During last year’s lockdown, people fought the boredom of being behind closed doors in many ways. Watching TV, baking, DIY and drinking were some of the activities that saw a marked increase. However, there appears to be one particular activity that couples on Lanzarote and Spain appear to have cut down on.
That’s because, as Canarias 7 reports, the lockdown period from March to June last year led to one of the lowest birth rates registered on Lanzarote.
The amount of births in the period nine months after the lockdown fell to an average of 83 babies a month, when the usual figure is around 100. Figures rose again nine months after immediately after the lockdown ended and a measure of normality returned.
Nevertheless, current trends indicate that Lanzarote is likely to end 2021 with around 1,000 births, far fewer than the period from 2006 to 2008, when each year saw more than 1,600 births.
The total of births on Lanzarote has been falling regularly since 2008, which may perhaps be related to the start of the financial crisis and, although there were fewer births in the years before those dates, there were also fewer people on the island. The actual birth rate per thousand inhabitants has been falling steadily from 13 in the year 2000 to 8.4 in 2019. This year’s birth rate is likely to be around 6.5.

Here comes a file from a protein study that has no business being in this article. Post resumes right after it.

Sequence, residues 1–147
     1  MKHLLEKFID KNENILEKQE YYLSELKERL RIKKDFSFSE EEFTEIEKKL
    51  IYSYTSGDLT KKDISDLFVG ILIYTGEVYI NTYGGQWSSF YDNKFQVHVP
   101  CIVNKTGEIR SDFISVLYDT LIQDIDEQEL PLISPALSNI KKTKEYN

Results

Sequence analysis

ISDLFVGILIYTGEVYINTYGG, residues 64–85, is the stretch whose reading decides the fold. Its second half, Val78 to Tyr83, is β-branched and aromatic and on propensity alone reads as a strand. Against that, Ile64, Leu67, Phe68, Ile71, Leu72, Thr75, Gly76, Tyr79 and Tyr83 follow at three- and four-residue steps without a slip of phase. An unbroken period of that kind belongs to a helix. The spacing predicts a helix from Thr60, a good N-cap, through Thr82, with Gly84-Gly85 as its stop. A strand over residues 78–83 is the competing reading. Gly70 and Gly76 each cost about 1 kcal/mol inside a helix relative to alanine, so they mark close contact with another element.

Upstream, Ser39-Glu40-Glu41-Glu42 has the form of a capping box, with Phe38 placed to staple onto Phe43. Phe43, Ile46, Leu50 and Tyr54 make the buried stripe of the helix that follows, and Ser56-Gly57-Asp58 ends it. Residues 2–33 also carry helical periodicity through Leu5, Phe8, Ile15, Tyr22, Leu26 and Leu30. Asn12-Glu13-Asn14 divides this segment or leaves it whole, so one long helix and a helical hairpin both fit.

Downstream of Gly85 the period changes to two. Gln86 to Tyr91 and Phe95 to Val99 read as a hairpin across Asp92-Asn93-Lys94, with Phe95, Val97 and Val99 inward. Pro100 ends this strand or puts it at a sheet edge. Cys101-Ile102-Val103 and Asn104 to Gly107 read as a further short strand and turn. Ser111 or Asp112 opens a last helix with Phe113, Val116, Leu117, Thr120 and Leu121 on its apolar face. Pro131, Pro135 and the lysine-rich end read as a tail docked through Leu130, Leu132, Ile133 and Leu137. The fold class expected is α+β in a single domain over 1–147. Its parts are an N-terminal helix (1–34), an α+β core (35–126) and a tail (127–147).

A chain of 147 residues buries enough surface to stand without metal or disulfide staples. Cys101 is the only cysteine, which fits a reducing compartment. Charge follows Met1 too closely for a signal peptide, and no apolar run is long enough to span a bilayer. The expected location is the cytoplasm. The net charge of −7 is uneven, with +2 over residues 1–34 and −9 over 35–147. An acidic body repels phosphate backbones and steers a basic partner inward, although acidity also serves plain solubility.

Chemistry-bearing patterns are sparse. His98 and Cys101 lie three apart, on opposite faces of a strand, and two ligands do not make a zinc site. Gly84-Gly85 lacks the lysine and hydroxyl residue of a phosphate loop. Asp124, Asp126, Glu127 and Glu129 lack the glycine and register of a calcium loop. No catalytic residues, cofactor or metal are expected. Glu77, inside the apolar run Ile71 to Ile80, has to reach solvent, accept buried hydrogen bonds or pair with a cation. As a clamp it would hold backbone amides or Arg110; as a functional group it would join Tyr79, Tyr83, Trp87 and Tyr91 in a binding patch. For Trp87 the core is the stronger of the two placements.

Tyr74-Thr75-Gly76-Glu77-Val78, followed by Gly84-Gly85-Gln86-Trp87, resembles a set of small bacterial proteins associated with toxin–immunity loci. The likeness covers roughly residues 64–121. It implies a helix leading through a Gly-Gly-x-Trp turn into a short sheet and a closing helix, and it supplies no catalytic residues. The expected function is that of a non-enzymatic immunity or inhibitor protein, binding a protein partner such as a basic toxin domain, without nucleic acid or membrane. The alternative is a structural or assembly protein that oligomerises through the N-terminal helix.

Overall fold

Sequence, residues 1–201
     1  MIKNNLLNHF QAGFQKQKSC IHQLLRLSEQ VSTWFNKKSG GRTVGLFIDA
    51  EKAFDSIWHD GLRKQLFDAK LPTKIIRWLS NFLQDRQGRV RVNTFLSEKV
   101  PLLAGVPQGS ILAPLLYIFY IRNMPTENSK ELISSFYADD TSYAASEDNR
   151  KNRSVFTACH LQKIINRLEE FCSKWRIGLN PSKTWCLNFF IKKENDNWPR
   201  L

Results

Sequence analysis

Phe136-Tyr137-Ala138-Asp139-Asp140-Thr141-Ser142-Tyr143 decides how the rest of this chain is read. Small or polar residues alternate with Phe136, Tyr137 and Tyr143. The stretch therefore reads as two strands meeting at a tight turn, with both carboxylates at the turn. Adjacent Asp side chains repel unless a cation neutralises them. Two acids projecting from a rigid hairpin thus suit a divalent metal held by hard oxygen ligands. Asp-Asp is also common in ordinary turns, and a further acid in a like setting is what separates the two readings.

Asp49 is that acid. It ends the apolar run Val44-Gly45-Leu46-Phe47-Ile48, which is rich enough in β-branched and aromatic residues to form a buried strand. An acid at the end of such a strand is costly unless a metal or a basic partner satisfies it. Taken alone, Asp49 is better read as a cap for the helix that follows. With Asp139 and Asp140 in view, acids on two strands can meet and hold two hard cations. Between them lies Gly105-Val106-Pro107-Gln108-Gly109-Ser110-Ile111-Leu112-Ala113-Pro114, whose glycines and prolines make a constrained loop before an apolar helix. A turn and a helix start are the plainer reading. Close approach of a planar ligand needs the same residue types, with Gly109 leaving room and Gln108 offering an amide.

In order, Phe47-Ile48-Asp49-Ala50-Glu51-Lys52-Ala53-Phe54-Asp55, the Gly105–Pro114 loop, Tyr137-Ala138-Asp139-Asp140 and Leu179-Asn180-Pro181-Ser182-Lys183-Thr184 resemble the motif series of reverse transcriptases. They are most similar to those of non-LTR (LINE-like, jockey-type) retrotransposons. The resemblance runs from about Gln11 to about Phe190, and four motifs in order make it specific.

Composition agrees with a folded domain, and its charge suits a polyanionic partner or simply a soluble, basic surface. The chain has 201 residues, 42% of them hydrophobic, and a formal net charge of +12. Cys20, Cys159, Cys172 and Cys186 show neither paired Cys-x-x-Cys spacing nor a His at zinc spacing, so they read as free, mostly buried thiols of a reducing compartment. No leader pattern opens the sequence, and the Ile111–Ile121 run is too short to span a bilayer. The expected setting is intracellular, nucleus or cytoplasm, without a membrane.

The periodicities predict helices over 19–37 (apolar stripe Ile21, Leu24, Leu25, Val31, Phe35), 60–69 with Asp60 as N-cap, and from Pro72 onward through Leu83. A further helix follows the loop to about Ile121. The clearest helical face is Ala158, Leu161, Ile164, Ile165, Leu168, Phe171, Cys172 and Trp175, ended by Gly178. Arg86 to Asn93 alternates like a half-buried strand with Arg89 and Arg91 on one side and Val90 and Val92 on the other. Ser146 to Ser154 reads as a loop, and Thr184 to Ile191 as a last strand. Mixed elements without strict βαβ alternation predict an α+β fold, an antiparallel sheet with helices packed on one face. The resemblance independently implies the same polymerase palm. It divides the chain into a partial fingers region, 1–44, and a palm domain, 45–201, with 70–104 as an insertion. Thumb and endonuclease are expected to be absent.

The lockdown effect on pregnancies has been repeated throughout Spain, where falling fertility rates have long been identified as a problem. The average Spanish woman now gives birth to 1.24 children, and the result is an ageing population with greater requirements for health and social care, and fewer working-age citizens to pay the taxes to fund them.
Immigration is one solution to this problem; while other initiatives, such as President Zapatero’s “baby cheque” of €2,500 for each birth or adoption between 2007 and 2010, failed to make any real difference.
The reasons for Spain’s falling population are several, and may include lower wages and lack of child care, the decline of religion in the country, and more independence and work opportunities for women, who now have their first child later than ever in their 30s. We can now add coronavirus to those factors.
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